Managing ambidexterity in internationalisation of SMEs from an emerging country: A dynamic capability perspective
Authors: Anjar, PRIYONO, Siti, NURSYAMSIAH, Baziedy, A. DARMAWAN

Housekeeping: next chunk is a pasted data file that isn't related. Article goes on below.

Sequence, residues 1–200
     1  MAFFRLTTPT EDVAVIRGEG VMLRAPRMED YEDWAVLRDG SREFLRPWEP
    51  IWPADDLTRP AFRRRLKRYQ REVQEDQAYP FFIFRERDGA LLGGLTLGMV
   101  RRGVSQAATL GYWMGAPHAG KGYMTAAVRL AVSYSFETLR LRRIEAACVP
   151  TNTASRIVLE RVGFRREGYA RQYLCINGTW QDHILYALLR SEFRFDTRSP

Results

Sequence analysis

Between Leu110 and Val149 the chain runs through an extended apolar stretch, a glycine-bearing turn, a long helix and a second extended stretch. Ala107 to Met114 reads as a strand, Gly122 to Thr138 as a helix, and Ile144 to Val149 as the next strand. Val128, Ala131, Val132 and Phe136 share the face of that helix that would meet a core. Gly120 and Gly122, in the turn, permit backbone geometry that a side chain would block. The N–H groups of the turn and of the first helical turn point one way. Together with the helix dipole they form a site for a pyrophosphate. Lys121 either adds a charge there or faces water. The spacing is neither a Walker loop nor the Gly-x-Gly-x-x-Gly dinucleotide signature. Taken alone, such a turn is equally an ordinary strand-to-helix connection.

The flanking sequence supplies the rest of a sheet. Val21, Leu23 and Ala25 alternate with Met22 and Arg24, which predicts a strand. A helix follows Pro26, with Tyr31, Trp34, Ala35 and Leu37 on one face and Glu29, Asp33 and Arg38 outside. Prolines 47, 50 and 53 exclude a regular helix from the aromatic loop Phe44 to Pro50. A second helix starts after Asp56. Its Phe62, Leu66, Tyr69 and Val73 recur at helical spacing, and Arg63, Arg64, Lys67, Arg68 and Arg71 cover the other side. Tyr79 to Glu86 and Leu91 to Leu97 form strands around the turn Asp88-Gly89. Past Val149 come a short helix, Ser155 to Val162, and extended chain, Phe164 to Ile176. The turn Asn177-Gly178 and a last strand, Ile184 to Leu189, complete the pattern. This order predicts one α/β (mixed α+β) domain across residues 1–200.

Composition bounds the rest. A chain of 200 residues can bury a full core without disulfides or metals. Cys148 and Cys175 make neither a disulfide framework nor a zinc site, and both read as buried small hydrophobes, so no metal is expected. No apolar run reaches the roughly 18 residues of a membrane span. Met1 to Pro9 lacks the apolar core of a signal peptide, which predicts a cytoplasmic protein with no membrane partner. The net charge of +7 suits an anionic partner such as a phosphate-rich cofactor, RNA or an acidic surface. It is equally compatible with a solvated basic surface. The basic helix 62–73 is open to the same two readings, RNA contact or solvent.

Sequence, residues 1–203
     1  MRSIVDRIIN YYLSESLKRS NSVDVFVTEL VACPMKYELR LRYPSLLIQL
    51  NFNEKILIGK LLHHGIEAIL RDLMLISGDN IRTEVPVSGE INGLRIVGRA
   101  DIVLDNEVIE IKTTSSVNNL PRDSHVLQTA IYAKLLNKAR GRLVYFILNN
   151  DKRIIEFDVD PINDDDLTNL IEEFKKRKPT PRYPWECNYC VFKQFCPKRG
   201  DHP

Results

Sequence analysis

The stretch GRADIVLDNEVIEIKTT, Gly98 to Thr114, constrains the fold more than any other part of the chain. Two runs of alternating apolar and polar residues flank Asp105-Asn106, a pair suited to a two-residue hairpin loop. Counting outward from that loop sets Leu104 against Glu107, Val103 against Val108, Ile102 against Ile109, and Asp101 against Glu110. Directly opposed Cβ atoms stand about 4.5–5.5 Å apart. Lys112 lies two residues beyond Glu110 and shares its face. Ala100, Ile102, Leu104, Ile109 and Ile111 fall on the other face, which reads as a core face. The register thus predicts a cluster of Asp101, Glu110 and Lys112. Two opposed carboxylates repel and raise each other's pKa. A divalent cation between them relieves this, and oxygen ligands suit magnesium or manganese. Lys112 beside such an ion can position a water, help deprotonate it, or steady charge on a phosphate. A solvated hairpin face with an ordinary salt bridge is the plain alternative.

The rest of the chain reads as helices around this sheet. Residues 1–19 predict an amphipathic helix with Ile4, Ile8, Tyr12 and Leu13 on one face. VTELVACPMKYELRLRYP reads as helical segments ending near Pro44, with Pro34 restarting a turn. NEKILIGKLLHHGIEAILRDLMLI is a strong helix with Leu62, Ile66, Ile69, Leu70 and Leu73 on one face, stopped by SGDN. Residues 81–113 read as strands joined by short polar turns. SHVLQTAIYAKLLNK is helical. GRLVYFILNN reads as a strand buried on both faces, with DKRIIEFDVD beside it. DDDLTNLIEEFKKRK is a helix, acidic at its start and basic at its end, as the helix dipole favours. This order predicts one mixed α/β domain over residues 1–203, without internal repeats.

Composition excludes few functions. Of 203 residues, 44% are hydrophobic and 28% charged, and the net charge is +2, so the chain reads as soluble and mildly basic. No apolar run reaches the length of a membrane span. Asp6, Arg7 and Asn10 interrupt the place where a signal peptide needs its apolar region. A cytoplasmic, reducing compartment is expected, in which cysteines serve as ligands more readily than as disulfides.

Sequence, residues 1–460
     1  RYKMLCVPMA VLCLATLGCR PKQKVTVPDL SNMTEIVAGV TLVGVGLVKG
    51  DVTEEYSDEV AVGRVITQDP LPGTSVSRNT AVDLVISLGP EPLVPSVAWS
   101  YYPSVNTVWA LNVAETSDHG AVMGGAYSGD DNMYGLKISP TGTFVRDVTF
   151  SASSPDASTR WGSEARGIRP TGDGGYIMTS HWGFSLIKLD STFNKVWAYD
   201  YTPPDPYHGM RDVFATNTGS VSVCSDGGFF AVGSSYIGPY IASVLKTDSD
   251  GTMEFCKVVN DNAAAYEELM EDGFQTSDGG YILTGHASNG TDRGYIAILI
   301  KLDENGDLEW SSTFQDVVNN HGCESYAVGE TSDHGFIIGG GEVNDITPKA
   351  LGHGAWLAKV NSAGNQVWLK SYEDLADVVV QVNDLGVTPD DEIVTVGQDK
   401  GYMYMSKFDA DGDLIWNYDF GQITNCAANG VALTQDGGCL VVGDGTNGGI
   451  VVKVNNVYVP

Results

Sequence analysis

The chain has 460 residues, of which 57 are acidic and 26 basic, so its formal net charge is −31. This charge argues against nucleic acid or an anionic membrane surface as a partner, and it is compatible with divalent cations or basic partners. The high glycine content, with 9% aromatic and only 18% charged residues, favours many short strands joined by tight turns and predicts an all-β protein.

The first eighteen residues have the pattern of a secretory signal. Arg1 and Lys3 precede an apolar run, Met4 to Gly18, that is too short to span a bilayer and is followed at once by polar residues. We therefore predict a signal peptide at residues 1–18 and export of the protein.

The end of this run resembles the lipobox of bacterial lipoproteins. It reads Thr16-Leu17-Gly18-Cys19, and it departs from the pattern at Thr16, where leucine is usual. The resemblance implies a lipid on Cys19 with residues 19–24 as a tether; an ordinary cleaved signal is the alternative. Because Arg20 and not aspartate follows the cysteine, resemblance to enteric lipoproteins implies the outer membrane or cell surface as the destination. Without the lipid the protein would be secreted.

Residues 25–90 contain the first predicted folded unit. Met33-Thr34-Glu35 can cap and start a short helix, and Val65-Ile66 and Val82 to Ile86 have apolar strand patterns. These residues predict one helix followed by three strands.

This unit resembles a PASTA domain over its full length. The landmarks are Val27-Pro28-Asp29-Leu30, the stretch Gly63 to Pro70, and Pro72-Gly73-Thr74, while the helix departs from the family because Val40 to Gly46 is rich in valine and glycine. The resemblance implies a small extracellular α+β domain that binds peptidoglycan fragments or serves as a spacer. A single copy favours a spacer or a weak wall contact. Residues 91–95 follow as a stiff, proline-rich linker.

Abstract: Ambidexterity is the ability of firms to undertake exploration and exploitation concurrently. Empirical evidence suggests that ambidextrous organisations are better able to manage the trade-off between flexibility and efficiency. Although ambidexterity has been the subject of many previous research studies, relatively little attention has been paid to how SMEs manage ambidexterity in an international market. A multiple case study research design was used to explore ambidexterity in two SMEs. The research utilised an inductive approach. SMEs adopt different strategies to manage ambidexterity. Larger SMEs, supported with more resources, can carry out exploration and exploitation simultaneously. By contrast, smaller sized SMEs must perform exploration and exploitation intermittently. In addition, the impacts of managers, resource flexibility, and network supports in managing ambidexterity are also discussed. This study suggests that managers of SMEs should consider resource availability and the characteristics of the international customers being served before designing a strategy for managing ambidexterity. This study contributes to the limited empirical evidence on how SMEs manage ambidexterity in international markets.